As more measles cases crop up in East Tennessee, officials with Ballad Health say there are protocols in place for slowing the spread of the disease.
The Tennessee Department of Health confirmed on Monday that two more cases of measles have been confirmed in East Tennessee, marking three cases of the infectious disease reported for the year.
The department confirmed the first case of the disease earlier this month.
The Center for Disease Control classifies a “measles outbreak” as three or more cases in a jurisdiction, but does not have Tennessee listed on their website of outbreaks in the country.
Jamie Swift, the director for infection prevention at Ballad Health, said that staff are on high alert for symptoms that may indicate a patient with any possible infectious disease.
Swift said the first line of defense is an updated weekly travel advisory of states and countries with reports of infectious diseases and their symptoms.
For measles, she said registration clerks are on the lookout for a combination of symptoms that include a fever, rash and a cough combined with any recent travel to a noted outbreak state or country.
Swift said the symptoms can be indicative of many afflictions that aren’t measles, which makes the pinpointing measles cases more complicated, especially during flu season.
“Really, we want to take an abundance of caution,” she said. “If you’ve got fever and rash or fever and cough, (we will) go ahead and get a mask on that person and get them away from the general population.”
One of the reasons for the caution around measles is because the virus is highly contagious, Swift added. Nine out of 10 non-immune people that are exposed to the virus will contract the disease – and the virus can live in the air for up to two hours.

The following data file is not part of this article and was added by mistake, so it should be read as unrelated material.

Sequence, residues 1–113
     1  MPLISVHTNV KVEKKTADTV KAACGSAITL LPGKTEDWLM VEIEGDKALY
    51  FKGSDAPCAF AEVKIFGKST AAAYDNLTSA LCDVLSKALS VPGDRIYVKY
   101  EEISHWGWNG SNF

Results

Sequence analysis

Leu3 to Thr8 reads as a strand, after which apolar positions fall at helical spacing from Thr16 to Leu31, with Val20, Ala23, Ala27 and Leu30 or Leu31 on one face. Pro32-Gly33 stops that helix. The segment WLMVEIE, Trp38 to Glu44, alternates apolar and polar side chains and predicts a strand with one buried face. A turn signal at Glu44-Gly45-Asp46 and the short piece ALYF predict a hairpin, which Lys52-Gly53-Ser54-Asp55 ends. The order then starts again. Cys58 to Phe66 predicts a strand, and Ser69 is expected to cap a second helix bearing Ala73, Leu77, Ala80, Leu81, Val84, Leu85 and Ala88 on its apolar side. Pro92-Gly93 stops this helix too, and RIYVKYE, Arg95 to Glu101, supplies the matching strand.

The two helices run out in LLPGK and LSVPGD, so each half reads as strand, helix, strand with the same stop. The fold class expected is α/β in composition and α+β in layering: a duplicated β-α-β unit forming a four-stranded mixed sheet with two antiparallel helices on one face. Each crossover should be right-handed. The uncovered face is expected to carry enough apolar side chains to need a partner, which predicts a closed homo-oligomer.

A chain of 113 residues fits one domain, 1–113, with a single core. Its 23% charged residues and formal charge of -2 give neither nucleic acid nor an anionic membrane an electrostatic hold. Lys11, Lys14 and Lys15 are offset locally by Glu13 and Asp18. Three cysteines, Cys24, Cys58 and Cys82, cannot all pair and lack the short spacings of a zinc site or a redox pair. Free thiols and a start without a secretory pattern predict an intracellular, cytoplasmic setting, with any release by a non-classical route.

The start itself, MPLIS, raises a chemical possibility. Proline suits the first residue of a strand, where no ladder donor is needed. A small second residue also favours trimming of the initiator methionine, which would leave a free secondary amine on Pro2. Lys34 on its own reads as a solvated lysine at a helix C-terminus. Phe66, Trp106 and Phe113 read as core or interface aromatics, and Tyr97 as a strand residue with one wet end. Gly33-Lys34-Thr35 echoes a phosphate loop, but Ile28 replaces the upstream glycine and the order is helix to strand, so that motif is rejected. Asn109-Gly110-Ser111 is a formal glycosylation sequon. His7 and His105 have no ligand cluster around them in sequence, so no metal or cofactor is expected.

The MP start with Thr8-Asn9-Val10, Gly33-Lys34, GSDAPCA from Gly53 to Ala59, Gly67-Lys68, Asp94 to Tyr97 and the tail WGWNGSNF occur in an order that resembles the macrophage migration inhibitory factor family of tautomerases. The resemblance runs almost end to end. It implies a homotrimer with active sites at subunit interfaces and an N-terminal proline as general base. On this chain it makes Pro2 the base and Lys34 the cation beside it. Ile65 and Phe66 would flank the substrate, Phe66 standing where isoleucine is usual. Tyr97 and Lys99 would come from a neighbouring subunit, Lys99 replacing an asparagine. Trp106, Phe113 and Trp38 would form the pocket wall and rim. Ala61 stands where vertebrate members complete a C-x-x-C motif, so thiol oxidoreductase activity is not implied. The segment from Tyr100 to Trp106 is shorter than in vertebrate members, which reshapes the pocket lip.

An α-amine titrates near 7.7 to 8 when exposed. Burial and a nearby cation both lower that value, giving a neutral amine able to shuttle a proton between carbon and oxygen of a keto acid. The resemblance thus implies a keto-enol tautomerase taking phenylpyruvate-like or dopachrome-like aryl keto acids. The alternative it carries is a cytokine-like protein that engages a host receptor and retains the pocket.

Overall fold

That’s why the next step is removing the person from the general population, even before a positive measles test comes back.
“A lot of people think it’s just a mild, childhood illness,” she said. “Unfortunately, we’re seeing even in the outbreak across the U.S., cases that are ending up in the intensive care unit, long-term complications, and various things.”
Once a case has been confirmed, Swift said the clock starts ticking.
“When there is even one measles case, you can have hundreds of contacts,” she said. “It is a lot of work from public health from facilities from hospitals from public places like airports, there’s gotta be ways to identify those people and identify them quickly.”
Once a case has been confirmed, she said, Swift notifies the public health department which will start working to identify the people who might have been exposed.
Swift said the ideal protection against measles is vaccination, which is 97 percent effective for people who have gotten two doses of the MMR vaccine.
Adults may still get doses of the MMR vaccine even if they didn’t receive the vaccinations as a child.
Because three percent of vaccinated people will get the disease, she said it’s important to keep up with confirmed cases and continue to practice good hygiene to decrease chances of infection.
“The general population if you’re vaccinated and covered, your risk is extremely low, Swift said. “It’s those people who can’t be vaccinated, especially the children that are too young to be vaccinated that are our biggest concern.”
So far, the CDC has reported 704 cases of measles in the United States this year. Cases are confirmed in Arizona, California, Colorado, Connecticut, Florida, Georgia, Illinois, Indiana, Iowa, Kentucky, Maryland, Massachusetts, Michigan, Missouri, Nevada, New Hampshire, New Jersey, New York, Oregon, Texas, Tennessee and Washington.